The TRIUMPH® Lumbar Disc is an articulating artificial disc that consists of two cobalt chrome alloy (CoCrMo) components. TRIUMPH® has two endplates and a rotating core that are inserted as one single piece. The outer, bone-contacting surfaces have multiple serrated keels for fixation into the vertebrae and a titanium plasma porous coating to permit bony ongrowth. The TRIUMPH® Lumbar Disc is designed to allow motion in flexion and extension up to 24° (+/- 12°), in lateral bending up to 24° (+/- 12°), and in axial rotation up to 29° in either direction; however, motion is mediated by anatomic constraints which limit the axial rotation to approximately 3° in either direction.
The TRIUMPH® Lumbar Disc is indicated for reconstruction of the spinal disc following discectomy and decompression in skeletally mature patients with degenerative disc disease (DDD) at one level from L1 to S1.
The TRIUMPH® Lumbar Disc was developed due to the clinical need for an artificial disc that allows physiologic motion utilizing a common, posterolateral surgical approach to the spine. With the posterolateral approach, a spine surgeon can access posterior pathology that may be difficult to reach anteriorly through the abdomen. The anterior approach has an inherent risk of complications such as vascular injury and organ damage. The posterior approach also has an inherent risk of complications such as nerve or spinal cord injury.
IDE Clinical Trial
The Food and Drug Administration has determined that the TRIUMPH® Lumbar Disc is an investigational device in the United States. Thus, Globus Medical is sponsoring a Clinical Trial under an Investigational Device Exemption (IDE) to evaluate TRIUMPH® for the treatment of lumbar degenerative disc disease. Patients who are interested in enrolling in the study must be between the ages of 18 and 65, have lumbar degenerative disc disease at one spinal level from L1 to S1, have had at least six months of conservative treatment, are able to attend all follow-up exams, and meet further eligibility criteria.
The patient is placed under anesthesia and positioned prone (on their stomach). An incision is made in the lower back and a discectomy is performed to remove the degenerative spinal disc, leaving the outer rim of the disc intact. After the spine is decompressed posteriorly, the TRIUMPH® Lumbar Disc is inserted to take the place of the diseased disc.
TRIUMPH®: Frequently Asked Questions
Q: What is the purpose of the study?
A: To determine if the TRIUMPH® Lumbar Disc is safe and effective for treating degenerative disc disease in the lumbar spine (lower back).
Q: How is TRIUMPH® different from the lumbar artificial discs that are already approved by FDA?
A: The artificial discs currently approved for use in the lumbar spine in the United States must be implanted using an anterior surgical approach (through the patient’s abdomen). The primary difference is that the TRIUMPH® device is implanted through a posterolateral surgical approach. The goal is to provide surgeons with an effective treatment option that addresses posterior clinical symptoms while allowing motion at the treated spinal level.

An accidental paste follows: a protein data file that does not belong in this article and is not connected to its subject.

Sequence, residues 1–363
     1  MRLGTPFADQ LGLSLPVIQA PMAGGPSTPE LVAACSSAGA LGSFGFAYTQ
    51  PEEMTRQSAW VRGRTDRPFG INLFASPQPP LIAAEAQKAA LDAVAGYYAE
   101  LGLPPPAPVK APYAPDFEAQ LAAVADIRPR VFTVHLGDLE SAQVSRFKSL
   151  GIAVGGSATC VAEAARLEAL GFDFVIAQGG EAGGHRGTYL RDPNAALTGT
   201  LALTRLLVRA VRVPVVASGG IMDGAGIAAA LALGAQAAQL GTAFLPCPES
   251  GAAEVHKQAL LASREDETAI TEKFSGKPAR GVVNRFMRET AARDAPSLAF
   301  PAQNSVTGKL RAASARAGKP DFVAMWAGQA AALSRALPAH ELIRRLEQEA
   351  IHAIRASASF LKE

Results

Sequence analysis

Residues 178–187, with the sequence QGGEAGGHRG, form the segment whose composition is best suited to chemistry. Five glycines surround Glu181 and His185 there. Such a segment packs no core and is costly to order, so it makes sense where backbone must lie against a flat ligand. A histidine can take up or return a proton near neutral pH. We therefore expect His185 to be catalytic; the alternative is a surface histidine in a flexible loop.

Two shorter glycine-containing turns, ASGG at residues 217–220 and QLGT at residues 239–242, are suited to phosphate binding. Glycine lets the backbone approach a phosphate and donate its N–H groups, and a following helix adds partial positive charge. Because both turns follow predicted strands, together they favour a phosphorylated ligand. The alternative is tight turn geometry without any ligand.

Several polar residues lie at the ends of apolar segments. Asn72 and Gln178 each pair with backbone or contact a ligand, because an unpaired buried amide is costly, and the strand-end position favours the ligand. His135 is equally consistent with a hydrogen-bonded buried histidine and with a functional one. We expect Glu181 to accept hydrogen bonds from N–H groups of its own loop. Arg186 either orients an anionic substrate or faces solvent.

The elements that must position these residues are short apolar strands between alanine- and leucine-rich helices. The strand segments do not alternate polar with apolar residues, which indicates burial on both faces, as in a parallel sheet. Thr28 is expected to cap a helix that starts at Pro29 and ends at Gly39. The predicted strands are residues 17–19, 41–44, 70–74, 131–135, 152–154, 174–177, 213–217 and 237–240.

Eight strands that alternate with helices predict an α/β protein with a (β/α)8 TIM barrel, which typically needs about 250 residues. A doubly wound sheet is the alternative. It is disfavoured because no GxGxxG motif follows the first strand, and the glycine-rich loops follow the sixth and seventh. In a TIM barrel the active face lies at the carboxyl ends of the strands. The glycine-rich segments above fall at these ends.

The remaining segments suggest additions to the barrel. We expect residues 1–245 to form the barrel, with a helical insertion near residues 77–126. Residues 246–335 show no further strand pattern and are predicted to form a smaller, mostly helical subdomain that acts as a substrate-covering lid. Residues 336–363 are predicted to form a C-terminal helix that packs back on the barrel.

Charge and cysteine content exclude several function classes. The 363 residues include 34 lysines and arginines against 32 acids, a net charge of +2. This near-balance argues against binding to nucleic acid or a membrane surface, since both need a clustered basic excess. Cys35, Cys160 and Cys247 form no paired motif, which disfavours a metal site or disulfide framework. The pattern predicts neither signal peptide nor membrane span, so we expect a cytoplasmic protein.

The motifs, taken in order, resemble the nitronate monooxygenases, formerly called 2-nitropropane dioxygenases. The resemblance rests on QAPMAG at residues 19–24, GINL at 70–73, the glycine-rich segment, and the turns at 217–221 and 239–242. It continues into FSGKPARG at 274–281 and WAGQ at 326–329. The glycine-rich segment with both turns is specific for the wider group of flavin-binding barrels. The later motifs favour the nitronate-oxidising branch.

Q: Are most spine surgeons familiar with a posterior/posterolateral surgical approach to the spine?
A: Most spine surgeons should be familiar with the posterior/posterolateral surgical approach. However, every surgeon’s level of experience and expertise in a given condition can vary based on their individual education and the patient population they treat. The techniques used to access and decompress the spine to relieve pressure are very similar, whether the surgeon is implanting TRIUMPH® or fusing the segment. Surgeons who participate in this clinical trial are trained in the proper implantation technique for TRIUMPH® and are experiencedwith a posterior/posterolateral surgical approach.
Q: Can I participate in this study?
A: Talk to your doctor about whether your medical condition is appropriate for this study. If your condition qualifies and you are interested in participating, you will be asked to read and sign an informed consent document.
Q: What if I have had previous surgery?
A: Previous surgery does not generally exclude you from the study; however some types of previous spinal surgery may exclude a patient from the study.
Q: What are the risks of participating in this study?
A: There are known and unknown risks associated with any clinical trial. Such risks may include serious or life-threatening side effects as a result of the treatment. Possible risks are detailed and included in the informed consent document.
Q: How much does it cost to participate?
A: If a patient chooses to participate in the study, they do not typically incur more costs than they would if they choose not to participate in the study and instead receive the medical treatment that is the current standard of care. The Sponsor of the clinical trial will pay for the cost of any study-required examinations that differ from those normally required for non-investigational surgical procedures.
TRIUMPH®: Additional Information
Biomechanical Evaluation of a Posterolateral Lumbar Disc Arthroplasty Device. Kikkawa
et al. SPINE. Volume 35, Number 19, pp 1760-1768. Lippincott Williams & Wilkins, 2010.
Further information on the Clinical Trial can be found on www.clinicaltrials.gov.